Disco Elysium sets a new standard for role-playing in video games

Disco Elysium is an incredibly deep detective RPG about a hungover cop trying to solve a brutal murder. The game opens with the main character peeling off the floor of a grimy hotel room: the aftermath of drinking and drugging so apocalyptically, his mind has been wiped like a corrupted hard drive. It’s a pretty cliched setup for an RPG, but cropped in a brilliantly clever way. From a role-playing perspective, that means you can take that big, wet, shapeless piece of clay and shape it into just about anything you want. There is no combat in Disco Elysium or any other traditional RPG leveling system. You build your character through the things you say and do, and how you interact with the people around you, not by killing enemies to fill an XP bar.


Thanks to your detective’s devastating hangover and subsequent amnesia, this human catastrophe is a blank slate. Other people can help you remember things about yourself, like your name and where you’re from, but one of the most inspiring things about Disco Elysium is that you can delete that information and become someone else, making it an incredibly powerful role-playing game. Gameplay. The amount of freedom given to you to sculpt your character’s personality is remarkable. It also drastically changes the flow of the game, the outcome of the murder case, what people think of you, and countless other variables that accumulate as you play. The complexity of it all is unreal. You don’t even have to be a good cop: you can be a bad cop if you want.

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I’ve played Disco Elysium twice, and both times the experience was completely different. My first detective was an intensely emotional artistic soul, inspired by dreams and having esoteric conversations with inanimate objects, using abstract intuition to uncover truth. My second detective was sober, very logical and meticulously direct, solving the crime in a much more methodical and scientific way. These are just two of the many detective types Disco Elysium lets you create. He truly is one of the most absurdly malleable characters in video game history, and everyone who plays the game will see a different side to him. It gives you a wonderful sense of ownership and authorship over the character you’re building. It’s a mess, but it’s your mess.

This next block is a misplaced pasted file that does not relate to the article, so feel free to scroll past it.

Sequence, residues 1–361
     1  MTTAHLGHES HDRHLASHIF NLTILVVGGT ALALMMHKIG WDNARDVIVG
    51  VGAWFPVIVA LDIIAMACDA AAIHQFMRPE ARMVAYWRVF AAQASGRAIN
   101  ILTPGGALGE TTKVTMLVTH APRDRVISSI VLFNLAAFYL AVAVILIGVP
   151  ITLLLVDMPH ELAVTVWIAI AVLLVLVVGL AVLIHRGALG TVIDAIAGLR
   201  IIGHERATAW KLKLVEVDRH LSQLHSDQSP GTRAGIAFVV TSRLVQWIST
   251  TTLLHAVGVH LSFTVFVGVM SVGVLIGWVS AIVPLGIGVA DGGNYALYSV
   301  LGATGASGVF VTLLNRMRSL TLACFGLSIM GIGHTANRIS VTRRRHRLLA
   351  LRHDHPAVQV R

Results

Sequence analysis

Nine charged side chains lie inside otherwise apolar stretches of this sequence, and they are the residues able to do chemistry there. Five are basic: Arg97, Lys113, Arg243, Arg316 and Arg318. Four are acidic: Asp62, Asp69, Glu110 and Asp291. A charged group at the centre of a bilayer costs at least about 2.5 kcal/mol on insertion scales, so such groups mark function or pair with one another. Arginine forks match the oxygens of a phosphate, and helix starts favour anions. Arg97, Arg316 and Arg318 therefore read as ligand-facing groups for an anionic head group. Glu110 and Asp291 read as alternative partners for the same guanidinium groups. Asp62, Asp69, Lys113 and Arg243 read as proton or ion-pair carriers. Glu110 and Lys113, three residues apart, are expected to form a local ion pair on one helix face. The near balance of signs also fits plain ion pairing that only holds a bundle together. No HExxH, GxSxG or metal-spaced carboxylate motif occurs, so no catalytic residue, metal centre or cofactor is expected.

Disco Elysee

Many RPGs allow you to shape your character through their stats, abilities, gear, etc., which affects how they playerbut generally does not have a significant impact on who they are. This is Disco’s greatest strength as an RPG experience: you can really create a person. Whether the detective you sculpt in this ball of clay is a tortured artist, a feminist disco enthusiast or a drug addicted clairvoyant, she will have a distinct personality and the people you meet will react to her in interesting or unexpected ways. That’s another reason why Disco Elysium is such a killer RPG: the world recognizes your decisions and changes based on who you’ve decided to become. It’s a stunning achievement, and single-handedly set the bar ridiculously high for the genre.

It’s not for everyone. It’s slow, dialogue heavy, and almost entirely devoid of action and other traditional game systems. But if you enjoy games that allow you to immerse yourself in a world and to become someone, you have to play it. It’s hugely satisfying to shape your character in a certain way and be rewarded with extra dialogue or discover ways to solve problems you’d otherwise miss. It’s also a great game for people who love detective fiction, letting you mix and match genre tropes to create your own detective Frankenstein – the analytical genius of Sherlock, say, but with the self-destructive streak of Jimmy McNulty of The Wire cast to spice things up. It may defy nearly every genre standard, but Disco Elysium is easily one of the greatest RPGs ever made.

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